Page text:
4.5.1 Printing

One useful procedure built-in to DrRacket is the display. It takes one input, and produces no output. Instead of producing an output, it prints out the value of the input (it will appear in purple in the Interactions window). We can use display to observe what a procedure is doing as it is evaluated.

For example, if we add a (display n) expression at the beginning of our factorial procedure we can see all the intermediate calls. To make each printed value appear on a separate line, we use the newline. The newline procedure prints a new line; it takes no inputs and produces no output.

(define (factorial n)
        (display "Enter factorial: ") (display n)
        (newline) (if (= n 0) 1 (* n (factorial (- n 1)))))

Evaluating (factorial 2) produces:

Enter factorial: 2
Enter factorial: 1
Enter factorial: 0

printingprintf The built-in printf procedure makes it easier to print out many values at once. It takes one or more inputs. The first input is a string (a sequence of characters enclosed in double quotes). The string can include special ~a markers that print out values of objects inside the string. Each ~a marker is matched with a corresponding input, and the value of that input is printed in place of the ~a in the string. Another special marker, ~n, prints out a new line inside the string.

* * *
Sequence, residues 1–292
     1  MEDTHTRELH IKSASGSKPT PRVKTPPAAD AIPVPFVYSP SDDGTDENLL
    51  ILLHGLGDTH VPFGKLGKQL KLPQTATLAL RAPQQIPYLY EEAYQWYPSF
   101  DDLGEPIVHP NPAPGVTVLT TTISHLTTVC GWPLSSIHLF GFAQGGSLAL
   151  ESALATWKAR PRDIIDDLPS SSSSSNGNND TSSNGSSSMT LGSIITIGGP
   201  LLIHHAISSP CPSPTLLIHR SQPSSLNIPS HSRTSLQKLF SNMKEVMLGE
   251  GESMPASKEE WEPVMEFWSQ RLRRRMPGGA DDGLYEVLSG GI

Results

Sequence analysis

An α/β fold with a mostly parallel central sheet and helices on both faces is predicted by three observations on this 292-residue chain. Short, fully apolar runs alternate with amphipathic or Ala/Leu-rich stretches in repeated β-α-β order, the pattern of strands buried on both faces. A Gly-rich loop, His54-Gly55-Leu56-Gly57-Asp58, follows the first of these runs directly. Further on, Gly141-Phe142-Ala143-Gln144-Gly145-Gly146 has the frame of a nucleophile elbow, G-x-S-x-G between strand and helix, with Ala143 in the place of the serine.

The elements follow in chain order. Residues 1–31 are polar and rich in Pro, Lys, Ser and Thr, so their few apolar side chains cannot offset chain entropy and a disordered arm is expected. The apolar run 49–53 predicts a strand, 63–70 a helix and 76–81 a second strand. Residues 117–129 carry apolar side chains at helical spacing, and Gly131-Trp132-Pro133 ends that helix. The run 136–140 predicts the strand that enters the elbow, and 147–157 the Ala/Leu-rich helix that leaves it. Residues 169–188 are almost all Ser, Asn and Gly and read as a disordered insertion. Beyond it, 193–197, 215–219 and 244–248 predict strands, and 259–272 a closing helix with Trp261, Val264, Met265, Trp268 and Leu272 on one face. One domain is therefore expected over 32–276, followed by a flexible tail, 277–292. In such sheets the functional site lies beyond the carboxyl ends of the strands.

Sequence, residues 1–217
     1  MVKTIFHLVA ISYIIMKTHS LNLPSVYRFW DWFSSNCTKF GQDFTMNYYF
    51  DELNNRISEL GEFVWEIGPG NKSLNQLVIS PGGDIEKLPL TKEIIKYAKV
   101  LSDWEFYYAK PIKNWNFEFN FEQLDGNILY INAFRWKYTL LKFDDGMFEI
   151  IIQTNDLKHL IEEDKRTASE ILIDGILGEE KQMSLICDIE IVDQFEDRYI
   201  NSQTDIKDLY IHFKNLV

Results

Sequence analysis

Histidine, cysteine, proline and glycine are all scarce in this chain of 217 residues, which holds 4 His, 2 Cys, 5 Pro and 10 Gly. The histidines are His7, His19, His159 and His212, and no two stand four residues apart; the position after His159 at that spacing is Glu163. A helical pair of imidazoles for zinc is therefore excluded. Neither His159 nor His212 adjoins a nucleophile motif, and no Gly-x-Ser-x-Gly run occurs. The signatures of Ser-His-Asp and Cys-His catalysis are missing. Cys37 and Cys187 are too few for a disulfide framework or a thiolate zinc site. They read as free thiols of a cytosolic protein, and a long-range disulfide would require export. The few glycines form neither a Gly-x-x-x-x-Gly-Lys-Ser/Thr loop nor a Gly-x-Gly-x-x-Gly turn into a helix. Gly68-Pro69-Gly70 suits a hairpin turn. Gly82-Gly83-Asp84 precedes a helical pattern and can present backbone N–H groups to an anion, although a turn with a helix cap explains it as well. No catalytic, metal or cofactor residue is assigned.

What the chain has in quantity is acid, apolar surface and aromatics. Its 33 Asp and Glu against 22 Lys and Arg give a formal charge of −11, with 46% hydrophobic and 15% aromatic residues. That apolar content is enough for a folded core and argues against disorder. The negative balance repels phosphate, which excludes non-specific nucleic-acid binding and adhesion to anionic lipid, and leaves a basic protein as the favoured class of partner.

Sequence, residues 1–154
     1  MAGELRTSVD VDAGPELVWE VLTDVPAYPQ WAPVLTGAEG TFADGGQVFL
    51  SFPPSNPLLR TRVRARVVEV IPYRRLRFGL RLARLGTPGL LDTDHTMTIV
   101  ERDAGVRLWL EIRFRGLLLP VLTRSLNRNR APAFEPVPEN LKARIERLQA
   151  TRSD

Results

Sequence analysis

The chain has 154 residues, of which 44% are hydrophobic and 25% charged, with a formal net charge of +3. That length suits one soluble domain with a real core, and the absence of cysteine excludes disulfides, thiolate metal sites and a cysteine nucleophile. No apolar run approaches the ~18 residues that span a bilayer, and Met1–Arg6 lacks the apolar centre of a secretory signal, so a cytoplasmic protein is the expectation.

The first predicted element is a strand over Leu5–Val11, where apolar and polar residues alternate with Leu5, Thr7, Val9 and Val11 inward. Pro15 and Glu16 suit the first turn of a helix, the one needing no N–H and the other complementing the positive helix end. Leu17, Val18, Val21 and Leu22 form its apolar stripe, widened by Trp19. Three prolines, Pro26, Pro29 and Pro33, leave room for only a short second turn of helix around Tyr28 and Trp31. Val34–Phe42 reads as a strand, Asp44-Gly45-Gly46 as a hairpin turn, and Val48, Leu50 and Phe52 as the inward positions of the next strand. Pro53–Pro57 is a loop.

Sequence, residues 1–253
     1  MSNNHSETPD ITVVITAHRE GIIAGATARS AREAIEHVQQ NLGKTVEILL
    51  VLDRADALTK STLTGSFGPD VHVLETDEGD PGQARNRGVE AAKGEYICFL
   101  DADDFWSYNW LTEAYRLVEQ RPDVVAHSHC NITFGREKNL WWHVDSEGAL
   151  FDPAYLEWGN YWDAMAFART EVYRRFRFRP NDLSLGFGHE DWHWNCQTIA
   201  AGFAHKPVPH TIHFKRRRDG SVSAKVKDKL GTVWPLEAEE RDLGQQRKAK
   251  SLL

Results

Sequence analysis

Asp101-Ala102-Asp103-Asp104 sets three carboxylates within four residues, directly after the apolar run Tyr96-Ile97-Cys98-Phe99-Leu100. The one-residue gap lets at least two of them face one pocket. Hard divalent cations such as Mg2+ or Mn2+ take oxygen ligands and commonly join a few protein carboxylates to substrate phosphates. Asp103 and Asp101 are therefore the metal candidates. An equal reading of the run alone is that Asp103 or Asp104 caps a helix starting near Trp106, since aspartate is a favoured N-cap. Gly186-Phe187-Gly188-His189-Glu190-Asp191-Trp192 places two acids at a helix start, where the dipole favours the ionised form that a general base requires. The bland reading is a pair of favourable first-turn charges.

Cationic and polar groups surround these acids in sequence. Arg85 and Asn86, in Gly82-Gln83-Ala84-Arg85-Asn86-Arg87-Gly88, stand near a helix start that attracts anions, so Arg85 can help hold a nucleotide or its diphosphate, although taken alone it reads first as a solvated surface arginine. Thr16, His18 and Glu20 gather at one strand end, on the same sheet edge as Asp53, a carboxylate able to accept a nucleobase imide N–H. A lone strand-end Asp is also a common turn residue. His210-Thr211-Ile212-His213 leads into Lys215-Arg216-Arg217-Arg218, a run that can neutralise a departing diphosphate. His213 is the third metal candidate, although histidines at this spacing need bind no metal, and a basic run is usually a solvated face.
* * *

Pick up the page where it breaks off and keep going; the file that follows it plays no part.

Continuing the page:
Using printf, we can define our factorial procedure with printing as:

(define (factorial n)
        (printf "Enter factorial:  a n" n)
        (if (= n 0) 1 (* n (factorial (- n 1)))))

The display, printf, and newline procedures do not produce output values. Instead, they are applied to produce side effects. A side effect is something that changes the state of a computation. In this case, the side effect is printing in the Interactions window. Side effects make reasoning about what programs do much more complicated since the order in which events happen now matters. We will mostly avoid using procedures with side effects until Chapter 9, but printing procedures are so useful that we introduce them here.